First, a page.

Growing up, I realise that there are many things in life which you choose to do and people around you won’t agree with. Despite so, you will persist even as the criticism continues or even gets hurtful. You persevere because you know that you are right and that you will be sorry if you don’t do it. The rest disagree only because they can’t see the light yet. One day when they eventually do, they will be the ones turning around to praise you and envy you.  

My parents are one good example. Born into a typical Hokkien family, my dad’s siblings and relatives are mostly loud, crude, uneducated and illiterate, with moral values equivalent to those of a Hamadryas baboon. A typical extended paternal family gathering is pretty much like getting stuck amongst the missile shooting and bombing of World War II. One will get deafened from the loud Hokkien spewing out from everyone else’s mouth, and of course possibly injured from the backstabbing, badmouthing or open sarcasm thrown about.

My dad’s like, as how I always like to put it, the white sheep of the family. He’s the much more sophiscated side of the Soh/Soo/Soe* family. Yes, he’s also not very educated but who can blame him. Being the third son in the family, he had to start work since his teens, alongside with my grandfather who built houses. But he likes to read. Half of the time he’s at home, he’s reading the Chinese newspapers or some paperback. Hence although he’s Chinese-educated, he’s not really the traditional type of father people would expect fathers of his age would be. He’s very modern and open-minded, and is up to date with current trends. He doesn’t really talk loudly but when he does, it’s mainly because of his poor hearing. Try working at a construction site for half your life. He does cuss but he never does it in front of his children for our sake. In short, he’s somehow very different from the rest of his family, which is why my mum married him eventually. For who he is, and not who his family is. Even though relatives like them could mean hell for future days.

For more than a decade, before we three sisters started proving what we were capable of, my parents were given the flak by the paternal relatives who thought my parents were crap at parenting. You see, my sisters and I were well-brought up by our dear parents, which meant that we were well-mannered kids. At a regular gathering, we would greet all our relatives politely, smile shyly (yes we were shy!) and proceed to sit at a corner by ourselves as our parents went around chatting with the relatives. We were far too happy to just sit through the entire gathering happily joking around with each other. Afterall, a paternal gathering was just too scary for us. Nobody ever talked sooooo loudly at home.

You wouldn’t see us running amok around the house, screaming at the top of our voices, pushing each other around, jumping around or doing whatever which remotely reminded anyone of a terrorist attack. Like I said, we had manners. And what did our relatives think of us? They thought there was something wrong with us. They thought we were stupid and thus seemingly boring (bored was more like it). They thought our parents messed us up. “Normal” children of the family, ie my cousins, nephews and nieces, would run amok around the house, scream at the top of their voices, push each other around, jump around or do whatever which would remind you of a terrorist attack. My relatives felt that that was how children were supposed to behave, and therefore we were abnormal.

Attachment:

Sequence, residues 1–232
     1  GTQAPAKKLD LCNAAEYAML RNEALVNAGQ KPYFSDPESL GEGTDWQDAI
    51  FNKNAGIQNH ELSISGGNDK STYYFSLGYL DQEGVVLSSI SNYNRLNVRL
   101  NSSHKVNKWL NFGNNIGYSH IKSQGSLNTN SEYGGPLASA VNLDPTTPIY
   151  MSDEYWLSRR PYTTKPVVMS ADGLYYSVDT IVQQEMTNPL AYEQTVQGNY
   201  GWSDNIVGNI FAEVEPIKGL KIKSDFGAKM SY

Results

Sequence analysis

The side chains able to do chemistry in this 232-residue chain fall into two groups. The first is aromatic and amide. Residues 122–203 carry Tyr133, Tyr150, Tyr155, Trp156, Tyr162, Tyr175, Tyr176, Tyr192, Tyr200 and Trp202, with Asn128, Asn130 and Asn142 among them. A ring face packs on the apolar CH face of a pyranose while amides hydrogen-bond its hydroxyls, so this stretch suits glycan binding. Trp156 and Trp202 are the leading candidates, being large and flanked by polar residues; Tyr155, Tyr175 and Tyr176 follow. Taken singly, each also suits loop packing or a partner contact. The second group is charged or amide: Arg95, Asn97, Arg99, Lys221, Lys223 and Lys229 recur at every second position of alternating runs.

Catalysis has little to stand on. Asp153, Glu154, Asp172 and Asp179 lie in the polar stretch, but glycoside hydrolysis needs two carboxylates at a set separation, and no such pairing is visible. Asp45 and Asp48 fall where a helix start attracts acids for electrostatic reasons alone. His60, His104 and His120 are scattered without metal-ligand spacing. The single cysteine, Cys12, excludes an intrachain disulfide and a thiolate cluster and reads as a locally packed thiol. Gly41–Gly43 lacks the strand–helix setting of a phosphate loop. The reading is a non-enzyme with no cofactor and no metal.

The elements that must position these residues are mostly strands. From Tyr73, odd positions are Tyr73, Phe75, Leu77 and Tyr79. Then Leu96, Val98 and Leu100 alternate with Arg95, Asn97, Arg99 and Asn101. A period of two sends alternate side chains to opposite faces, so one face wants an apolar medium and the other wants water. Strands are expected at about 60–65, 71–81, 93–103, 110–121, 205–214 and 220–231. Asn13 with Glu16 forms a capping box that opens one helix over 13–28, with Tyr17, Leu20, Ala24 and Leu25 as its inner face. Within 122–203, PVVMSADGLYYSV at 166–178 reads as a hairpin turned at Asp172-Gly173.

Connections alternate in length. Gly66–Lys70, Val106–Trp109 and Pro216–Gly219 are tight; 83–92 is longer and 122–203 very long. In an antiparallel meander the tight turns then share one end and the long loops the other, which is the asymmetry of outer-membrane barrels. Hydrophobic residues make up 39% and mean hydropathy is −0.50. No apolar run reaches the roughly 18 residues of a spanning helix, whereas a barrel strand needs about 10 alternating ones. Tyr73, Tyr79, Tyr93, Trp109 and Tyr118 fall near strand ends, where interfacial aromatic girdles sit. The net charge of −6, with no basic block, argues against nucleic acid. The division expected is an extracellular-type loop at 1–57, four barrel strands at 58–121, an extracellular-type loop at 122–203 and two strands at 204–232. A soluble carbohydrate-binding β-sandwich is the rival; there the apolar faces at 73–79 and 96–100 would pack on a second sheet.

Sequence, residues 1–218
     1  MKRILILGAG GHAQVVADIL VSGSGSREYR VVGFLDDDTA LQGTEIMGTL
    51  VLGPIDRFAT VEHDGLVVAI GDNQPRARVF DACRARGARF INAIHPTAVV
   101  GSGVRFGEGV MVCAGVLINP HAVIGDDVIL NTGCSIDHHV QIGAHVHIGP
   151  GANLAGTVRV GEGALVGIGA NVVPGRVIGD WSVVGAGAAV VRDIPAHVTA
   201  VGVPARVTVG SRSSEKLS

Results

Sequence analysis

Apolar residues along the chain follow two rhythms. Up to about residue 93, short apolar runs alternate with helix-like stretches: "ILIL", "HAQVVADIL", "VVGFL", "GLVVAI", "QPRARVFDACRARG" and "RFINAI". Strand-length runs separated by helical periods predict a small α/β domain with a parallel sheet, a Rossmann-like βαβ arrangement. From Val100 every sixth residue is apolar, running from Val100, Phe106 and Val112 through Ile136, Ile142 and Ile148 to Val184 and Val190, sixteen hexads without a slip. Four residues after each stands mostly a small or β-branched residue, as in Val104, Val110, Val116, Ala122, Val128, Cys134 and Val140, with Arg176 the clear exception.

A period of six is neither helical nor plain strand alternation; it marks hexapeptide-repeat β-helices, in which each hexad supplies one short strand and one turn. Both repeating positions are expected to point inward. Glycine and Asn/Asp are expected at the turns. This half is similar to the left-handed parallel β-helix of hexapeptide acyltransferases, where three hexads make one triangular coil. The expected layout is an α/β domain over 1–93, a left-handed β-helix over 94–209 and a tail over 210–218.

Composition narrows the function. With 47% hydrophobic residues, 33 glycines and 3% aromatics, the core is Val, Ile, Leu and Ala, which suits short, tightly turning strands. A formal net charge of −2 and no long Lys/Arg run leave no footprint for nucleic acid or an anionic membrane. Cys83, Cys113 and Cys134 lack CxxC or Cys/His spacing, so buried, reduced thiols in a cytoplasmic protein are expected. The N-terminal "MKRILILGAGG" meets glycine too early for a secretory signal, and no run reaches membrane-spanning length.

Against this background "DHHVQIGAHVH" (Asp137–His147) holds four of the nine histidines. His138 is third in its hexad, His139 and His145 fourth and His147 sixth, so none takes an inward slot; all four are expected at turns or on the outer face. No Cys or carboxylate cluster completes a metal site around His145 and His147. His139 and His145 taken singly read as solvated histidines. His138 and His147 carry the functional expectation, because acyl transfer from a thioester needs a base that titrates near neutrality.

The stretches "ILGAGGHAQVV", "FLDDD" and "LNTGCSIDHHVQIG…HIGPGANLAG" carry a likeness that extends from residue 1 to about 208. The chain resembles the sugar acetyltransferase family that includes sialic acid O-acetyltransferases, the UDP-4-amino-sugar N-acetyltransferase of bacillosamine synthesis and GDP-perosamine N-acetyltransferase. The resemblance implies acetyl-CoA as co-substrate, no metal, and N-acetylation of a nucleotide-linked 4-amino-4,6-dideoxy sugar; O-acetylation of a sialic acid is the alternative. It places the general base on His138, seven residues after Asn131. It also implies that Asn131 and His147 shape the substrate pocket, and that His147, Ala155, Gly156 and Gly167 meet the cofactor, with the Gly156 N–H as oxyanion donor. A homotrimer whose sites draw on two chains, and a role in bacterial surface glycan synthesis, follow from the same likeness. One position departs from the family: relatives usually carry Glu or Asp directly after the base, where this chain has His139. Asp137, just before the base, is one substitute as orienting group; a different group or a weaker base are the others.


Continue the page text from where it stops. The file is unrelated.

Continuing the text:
My parents knew what they were doing however and kept quiet to all the criticism and sarcasm. They knew we were normal because our own house looked like it was subjected to terrorist attack every single day with the three of us. We were as playful as any other child was, but when we stepped out of the house, we were taught to behave, and behaved we did. My smart parents persisted and by the time we were schooling and scoring As in school, that shut the relatives up. By this time, our cousins were going in and out of prison like a holiday chalet. Some dropped out of school. One went to a boys’ home. One nearly eloped with her much older then-boyfriend. One ran away from loansharks whom, coincidentally, one of my cousins worked for. I can write a three-thousand-word essay on all the troubles my cousins, nephews and nieces have gotten into.

A few more years down the road and my relatives who used to diss my parents for their parenting methods are now patting them on the backs, complimenting how well they have taught us. My parents are no show-offs however. They just smile and accept the compliments graciously. I know they are proud of us, but perhaps they have little idea how proud I am of them. To choose to do the right thing is an important task; to persist in doing the right thing despite the hurdles and obstacles takes courage and belief.

There are many things in life which you choose to do and people around you won’t agree with. Despite so, you will persist even as the criticism continues or even gets hurtful. You persevere because you know that you are right and that you will be sorry if you don’t do it. The rest disagree only because they can’t see the light yet. One day when they eventually do, they will be the ones turning around to praise you and envy you.  

I am waiting for my day.

 

* Lol, I said they are the Soh/Soo/Soe family because being born in the 1940-50s, their names were all wrongly written on their birth certificates! Which is why although they are born to the same set of parents, my dad and his siblings all share slightly different dialect versions of the surename Su (in hanyu pinyin). Strangely, my mum also has one part of her name spelt incorrectly!

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